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The Unseen Wonder of Wetlands

By Bodhi Nithyananda, Seasonal Naturalist 

Who would have known there was so much to see beneath the surface of the Deer Haven wetlands on a snowy 28’F November morning! And who would have guessed that every single fifth grader present would be so excited and engaged to stay outside for 50 minutes, dipping their nets into the wetlands, and braving cold hands, to discover the unseen wonders.  

Having never done a wetland study in the colder temperatures of fall, I was not sure what we would find. As one 5th grader so aptly put it, “This wetland must be really healthy because of everything we have seen!” 

The list of aquatic insects and macroinvertebrates was long and the numbers of cold, slow, moving larvae was impressive. 

Those of you that are fans of macroinvertebrates, (macro – can be seen with the naked eye, invertebrate – animals without a backbone) know that we all long to see a Hellgrammite or Dobson fly larvae, but this scary looking macroinvertebrate was elusive all spring and summer, never showing up in a net. On the freezing November day, when there was a sheet of ice on the water, the kids lay on their bellies on the boardwalk, dipped their nets and brought up a Hellgrammite. This grayish black larvae sort of looks like a flattened centipede and has a black head and sharp pincers that you have to watch out for.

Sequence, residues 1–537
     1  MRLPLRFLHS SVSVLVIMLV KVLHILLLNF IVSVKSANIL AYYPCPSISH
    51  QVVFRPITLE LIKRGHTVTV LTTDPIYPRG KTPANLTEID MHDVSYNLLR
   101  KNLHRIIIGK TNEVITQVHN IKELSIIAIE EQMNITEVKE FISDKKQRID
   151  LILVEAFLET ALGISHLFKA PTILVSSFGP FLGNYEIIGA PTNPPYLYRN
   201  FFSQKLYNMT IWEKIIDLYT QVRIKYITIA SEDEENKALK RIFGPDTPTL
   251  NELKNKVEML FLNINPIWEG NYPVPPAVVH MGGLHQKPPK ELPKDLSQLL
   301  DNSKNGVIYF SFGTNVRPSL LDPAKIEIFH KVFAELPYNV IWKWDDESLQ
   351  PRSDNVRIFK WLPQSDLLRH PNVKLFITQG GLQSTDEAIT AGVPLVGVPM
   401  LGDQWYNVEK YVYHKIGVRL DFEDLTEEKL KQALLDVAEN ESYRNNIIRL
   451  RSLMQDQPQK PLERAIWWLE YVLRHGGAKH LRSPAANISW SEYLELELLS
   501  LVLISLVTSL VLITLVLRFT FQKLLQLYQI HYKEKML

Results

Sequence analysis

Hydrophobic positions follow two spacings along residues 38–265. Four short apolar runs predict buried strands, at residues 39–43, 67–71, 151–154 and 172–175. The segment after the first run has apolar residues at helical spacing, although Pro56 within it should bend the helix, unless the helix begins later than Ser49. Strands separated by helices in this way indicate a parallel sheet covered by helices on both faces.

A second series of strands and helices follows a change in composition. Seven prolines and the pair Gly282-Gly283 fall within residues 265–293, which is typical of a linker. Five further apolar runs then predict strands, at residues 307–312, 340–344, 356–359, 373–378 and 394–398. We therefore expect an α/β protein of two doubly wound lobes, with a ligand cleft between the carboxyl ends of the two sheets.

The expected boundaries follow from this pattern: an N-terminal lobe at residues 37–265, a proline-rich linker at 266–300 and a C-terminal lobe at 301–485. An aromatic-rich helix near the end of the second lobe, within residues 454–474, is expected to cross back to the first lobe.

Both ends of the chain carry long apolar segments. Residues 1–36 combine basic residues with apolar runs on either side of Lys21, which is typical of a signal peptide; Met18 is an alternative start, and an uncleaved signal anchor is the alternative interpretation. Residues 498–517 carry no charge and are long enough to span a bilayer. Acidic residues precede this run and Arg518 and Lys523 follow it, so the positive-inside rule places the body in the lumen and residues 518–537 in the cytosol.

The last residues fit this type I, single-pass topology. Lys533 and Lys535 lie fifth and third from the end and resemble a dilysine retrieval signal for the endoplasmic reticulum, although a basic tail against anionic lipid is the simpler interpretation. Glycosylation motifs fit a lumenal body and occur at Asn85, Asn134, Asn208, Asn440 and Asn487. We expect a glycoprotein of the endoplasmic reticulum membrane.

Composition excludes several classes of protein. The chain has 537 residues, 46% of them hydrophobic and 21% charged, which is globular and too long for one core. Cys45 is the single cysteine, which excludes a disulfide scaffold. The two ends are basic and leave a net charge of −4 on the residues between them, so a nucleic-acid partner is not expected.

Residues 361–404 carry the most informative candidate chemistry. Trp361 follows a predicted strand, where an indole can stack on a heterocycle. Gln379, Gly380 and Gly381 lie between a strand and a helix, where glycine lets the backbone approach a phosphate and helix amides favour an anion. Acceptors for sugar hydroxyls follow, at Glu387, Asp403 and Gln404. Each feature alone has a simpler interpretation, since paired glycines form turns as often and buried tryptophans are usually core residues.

When a net came up with one of the most fun and aggressive macroinvertebrates, a predacious diving beetle, both the kids and adults were shrieking with awe and a little fear. The size of these predators at 1.5 inches long is quite impressive. When I told the kids they were carnivores, the water beetle gained even more respect, being able to eat fish larger than itself. 

We saw dragonfly and damselfly larvae, which after the initial lesson, the kids understood were not “babies” but were insects in different larval stages on their way to becoming adults. The most abundant aquatic insect seemed to be water boatmen and backswimmers. Even the most tentative student was able to catch these athletic swimmers in their nets.  

By far, the biggest trophy of the day were the giant tadpoles, with some kids hauling them up left and right, and others determined to stay out in the freezing wetland until they also could say they caught one! 

School field trips are a big part of what we do at Preservation Parks, serving over 1400 participants in the 2021-2022 school year. Contact Casey Smith at for more information. 

Photos courtesy of Schultz Elementary 5th Grade Team.

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